Cum-Ex scandal, energy crisis, traffic chaos - it could have been a substantive debate, a struggle for arguments, an argument for solutions. Instead, the parliamentarians of the Hamburg Parliament used the current hour on Wednesday mainly for mutual accusations and attacks, garnished with self-importance. Peter Tschentscher's red-green Senate has been in power for two and a half years now, so halfway through on the Elbe, time for an interim balance. But anyone who had hoped for a first recommendation for 2025 from the debate should have left the town hall at a loss.
The camps in the state parliament, which has 123 MPs, are quickly explained: On the one hand, the SPD and the Greens are lodged with 86 seats, which they carry in front of them with such self-confidence that observers almost get dizzy at the constant mention of the word two-thirds majority. On the other hand, the CDU, as the largest opposition party with just 15 MPs - as a result of the election result of 11.2 percent - behaves as if it were still or again a serious alternative. And right in the middle or on the edge, however, the left, AfD and the non-attached FDP MP Anna von Treuenfels-Frowein represent the clientele politics for which they were elected, seemingly detached.
This spectacle happened on Wednesday insofar as the Christian Democrats clearly criticized Red-Green. The credibility of Mayor Tschentscher and his SPD has been permanently damaged because of the Cum-Ex scandal alone. "This SPD scandal is hovering over their second term in office and that is causing massive damage to our city," said opposition leader Dennis Thering. In addition, the energy crisis is causing sharply rising prices, regular traffic jams lead to stress on Hamburg's streets and the coalition has also done nothing on housing policy.
"If this were a football game, you would certainly be several goals behind," said CDU faction leader Thering, who suggested that Tschentscher, who was "watching idly, reorganize his team. Specifically, he demanded a change in the interior, justice and environment departments, which are led by Andy Grote (SPD), Anna Gallina (Greens) and Jens Kerstan (Greens). The 38-year-old Thering - who would like to run as a top candidate in 2025 if his party lets him - did not think of much more.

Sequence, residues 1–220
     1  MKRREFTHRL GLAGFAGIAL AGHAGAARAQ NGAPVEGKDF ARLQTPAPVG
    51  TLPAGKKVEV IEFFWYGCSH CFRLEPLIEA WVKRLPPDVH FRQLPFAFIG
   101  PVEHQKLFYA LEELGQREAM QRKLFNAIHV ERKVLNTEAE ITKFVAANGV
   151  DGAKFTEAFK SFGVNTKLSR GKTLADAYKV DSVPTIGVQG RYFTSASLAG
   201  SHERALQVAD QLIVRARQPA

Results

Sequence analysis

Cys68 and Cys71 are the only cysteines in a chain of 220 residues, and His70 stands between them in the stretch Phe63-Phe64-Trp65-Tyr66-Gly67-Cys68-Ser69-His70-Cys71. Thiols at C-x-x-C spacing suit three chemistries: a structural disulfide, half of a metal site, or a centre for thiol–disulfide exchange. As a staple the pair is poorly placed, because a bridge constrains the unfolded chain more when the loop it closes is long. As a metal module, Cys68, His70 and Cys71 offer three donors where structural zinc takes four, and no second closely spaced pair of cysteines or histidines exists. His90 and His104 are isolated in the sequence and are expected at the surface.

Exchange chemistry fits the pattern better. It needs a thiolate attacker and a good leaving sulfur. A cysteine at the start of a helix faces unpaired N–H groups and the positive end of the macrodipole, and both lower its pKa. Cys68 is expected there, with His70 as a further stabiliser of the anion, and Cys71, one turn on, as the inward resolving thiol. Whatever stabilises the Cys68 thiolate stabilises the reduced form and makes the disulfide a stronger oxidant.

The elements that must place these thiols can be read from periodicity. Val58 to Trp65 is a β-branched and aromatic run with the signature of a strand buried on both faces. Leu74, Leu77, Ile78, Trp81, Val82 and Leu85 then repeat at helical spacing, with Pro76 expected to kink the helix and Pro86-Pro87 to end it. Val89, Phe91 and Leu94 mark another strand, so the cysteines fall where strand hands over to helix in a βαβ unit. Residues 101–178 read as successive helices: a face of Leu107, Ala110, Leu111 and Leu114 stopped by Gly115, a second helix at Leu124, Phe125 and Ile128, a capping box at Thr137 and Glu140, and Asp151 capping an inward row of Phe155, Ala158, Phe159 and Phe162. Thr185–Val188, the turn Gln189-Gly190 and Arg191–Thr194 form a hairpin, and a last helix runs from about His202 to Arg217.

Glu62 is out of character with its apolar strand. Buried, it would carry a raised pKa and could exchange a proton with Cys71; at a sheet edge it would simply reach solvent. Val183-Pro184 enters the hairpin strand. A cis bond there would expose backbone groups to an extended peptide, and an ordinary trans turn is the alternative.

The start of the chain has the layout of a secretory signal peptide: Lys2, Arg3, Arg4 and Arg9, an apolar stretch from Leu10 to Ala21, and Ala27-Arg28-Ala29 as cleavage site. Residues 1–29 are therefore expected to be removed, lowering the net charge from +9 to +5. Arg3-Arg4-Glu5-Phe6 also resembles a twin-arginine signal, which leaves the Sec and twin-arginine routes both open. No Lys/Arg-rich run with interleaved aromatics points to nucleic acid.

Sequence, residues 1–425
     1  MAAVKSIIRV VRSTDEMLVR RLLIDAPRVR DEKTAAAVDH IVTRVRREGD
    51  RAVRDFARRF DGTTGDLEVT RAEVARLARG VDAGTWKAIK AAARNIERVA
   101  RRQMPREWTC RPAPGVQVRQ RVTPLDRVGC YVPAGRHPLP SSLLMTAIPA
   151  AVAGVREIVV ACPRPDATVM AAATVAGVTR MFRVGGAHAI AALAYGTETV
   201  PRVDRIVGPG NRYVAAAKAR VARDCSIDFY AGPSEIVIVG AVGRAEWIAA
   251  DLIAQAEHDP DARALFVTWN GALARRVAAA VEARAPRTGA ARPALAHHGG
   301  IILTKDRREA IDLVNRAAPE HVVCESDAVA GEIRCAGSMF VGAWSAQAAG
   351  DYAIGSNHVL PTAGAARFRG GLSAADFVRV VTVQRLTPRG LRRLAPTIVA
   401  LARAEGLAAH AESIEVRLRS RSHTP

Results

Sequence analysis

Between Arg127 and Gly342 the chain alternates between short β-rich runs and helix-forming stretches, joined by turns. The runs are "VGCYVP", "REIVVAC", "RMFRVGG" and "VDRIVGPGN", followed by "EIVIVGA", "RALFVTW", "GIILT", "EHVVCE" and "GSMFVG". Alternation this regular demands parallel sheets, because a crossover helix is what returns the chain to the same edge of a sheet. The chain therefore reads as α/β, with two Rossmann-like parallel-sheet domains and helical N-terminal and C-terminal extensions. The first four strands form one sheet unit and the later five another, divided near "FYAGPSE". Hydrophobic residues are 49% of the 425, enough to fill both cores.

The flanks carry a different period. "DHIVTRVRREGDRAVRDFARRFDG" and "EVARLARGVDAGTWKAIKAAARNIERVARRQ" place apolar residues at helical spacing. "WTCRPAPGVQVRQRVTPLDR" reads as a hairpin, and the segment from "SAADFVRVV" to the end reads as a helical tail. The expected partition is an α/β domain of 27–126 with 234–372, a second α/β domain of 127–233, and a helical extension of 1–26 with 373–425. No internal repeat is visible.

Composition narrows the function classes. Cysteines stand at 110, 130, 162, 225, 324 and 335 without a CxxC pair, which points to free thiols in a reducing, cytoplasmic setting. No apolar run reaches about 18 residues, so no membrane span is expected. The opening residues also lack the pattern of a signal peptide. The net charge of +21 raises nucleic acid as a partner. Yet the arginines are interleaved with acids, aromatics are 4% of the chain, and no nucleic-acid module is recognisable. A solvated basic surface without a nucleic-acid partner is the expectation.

The AfD, whose deputy Krzysztof Walczak gave the Senate an “unsatisfactory” for the previous work, argued similarly. In any case, one gets the impression that Germany, as the fourth-largest economy, is moving full steam ahead in the direction of a developing country.
The left-wing deputy Norbert Hackbusch dissected the previous performance of red-green more tangibly by referring to the sustainability indicators defined by Finance Senator Andreas Dressel (SPD). And after that, the Senate's balance sheet was "shameful" and characterized by "whitewashing". Because instead of less, there is more poverty in Hamburg, as the proportion of people at risk of poverty has increased from 17.8 percent in 2019 to 19.8 percent in 2021.
Hackbusch Tschentscher's senate also held up the mirror in the area of education: if in 2013 only 4.5 percent of young people left school without a qualification, by 2020 it would have been 6.8 percent. The left-wing MP also complained that red-green invested far too little in science, at 2.2 percent of gross domestic product. Hackbusch: "These are real facts and the real situation in our society."
And the Liberal Treuenfels-Frowein emphasized: "In two and a half years, Red-Green could have done a lot for Hamburg. Unfortunately, however, there is mostly stagnation instead of progress.” When it comes to climate protection, the Senate falls far short of its own goals. The so-called mobility turnaround is a flop, Harburg and many peripheral areas north of the Elbe are increasingly being left behind, the expansion of public transport is stuttering. Red-Green are also arguing about the right energy policy, the port is not making any progress, and Hamburg's industry is dissatisfied.
The handling of the Senate with the corona pandemic is particularly annoying for Treuenfels-Frowein. "For me and many citizens of this city, the low point of their balance sheet is how the mayor and his senate maltreated the people here with the most rigid corona policy of all federal states."
As expected, the chairmen of the SPD and Green parliamentary groups, Dirk Kienscherf and Dominik Lorenzen, rejected the allegations and spoke of a "successful mid-term review", an "effective Senate" that the city "rightly trusts". For example, both referred to aid packages worth billions during the corona pandemic, to new rapid transit projects and bicycle roads.
In contrast, the CDU caught a disastrous election result in the 2020 state election, has a miserable quota for women and has now also included the former AfD parliamentary group leader Jörn Kruse in the party. "They have enough of their own construction sites that they should maybe deal with," said Lorenzen, not without pointing out again that red-green has a - yes, right, two-thirds majority in the citizenship.
So this Wednesday in Hamburg was not a lesson in parliamentary debate. Because phrasemongering and meaningless taunts do not help the citizens of this city and this country in any way. In times of skyrocketing energy prices, rising inflation with consumer restraint and a possible flare-up of a pandemic, voters have a right to answers. And these should deliver people's representatives.